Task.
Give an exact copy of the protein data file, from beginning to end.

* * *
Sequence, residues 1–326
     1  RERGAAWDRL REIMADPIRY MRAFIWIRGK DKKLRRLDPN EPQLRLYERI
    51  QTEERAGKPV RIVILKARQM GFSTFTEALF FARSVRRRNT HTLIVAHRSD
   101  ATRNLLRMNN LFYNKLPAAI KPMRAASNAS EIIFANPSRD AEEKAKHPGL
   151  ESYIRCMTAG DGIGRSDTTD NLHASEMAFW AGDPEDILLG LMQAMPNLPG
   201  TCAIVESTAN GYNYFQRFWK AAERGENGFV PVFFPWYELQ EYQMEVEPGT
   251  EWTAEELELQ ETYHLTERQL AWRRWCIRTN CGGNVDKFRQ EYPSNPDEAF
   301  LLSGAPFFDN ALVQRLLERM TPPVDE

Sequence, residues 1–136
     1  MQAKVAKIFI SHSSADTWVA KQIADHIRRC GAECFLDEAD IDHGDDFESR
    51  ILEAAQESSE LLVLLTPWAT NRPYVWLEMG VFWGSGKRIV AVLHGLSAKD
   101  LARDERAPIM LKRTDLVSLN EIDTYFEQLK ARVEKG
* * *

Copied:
Sequence, residues 1–326
     1  RERGAAWDRL REIMADPIRY MRAFIWIRGK DKKLRRLDPN EPQLRLYERI
    51  QTEERAGKPV RIVILKARQM GFSTFTEALF FARSVRRRNT HTLIVAHRSD
   101  ATRNLLRMNN LFYNKLPAAI KPMRAASNAS EIIFANPSRD AEEKAKHPGL
   151  ESYIRCMTAG DGIGRSDTTD NLHASEMAFW AGDPEDILLG LMQAMPNLPG
   201  TCAIVESTAN GYNYFQRFWK AAERGENGFV PVFFPWYELQ EYQMEVEPGT
   251  EWTAEELELQ ETYHLTERQL AWRRWCIRTN CGGNVDKFRQ EYPSNPDEAF
   301  LLSGAPFFDN ALVQRLLERM TPPVDE

Sequence, residues 1–136
     1  MQAKVAKIFI SHSSADTWVA KQIADHIRRC GAECFLDEAD IDHGDDFESR
    51  ILEAAQESSE LLVLLTPWAT NRPYVWLEMG VFWGSGKRIV AVLHGLSAKD
   101  LARDERAPIM LKRTDLVSLN EIDTYFEQLK ARVEKG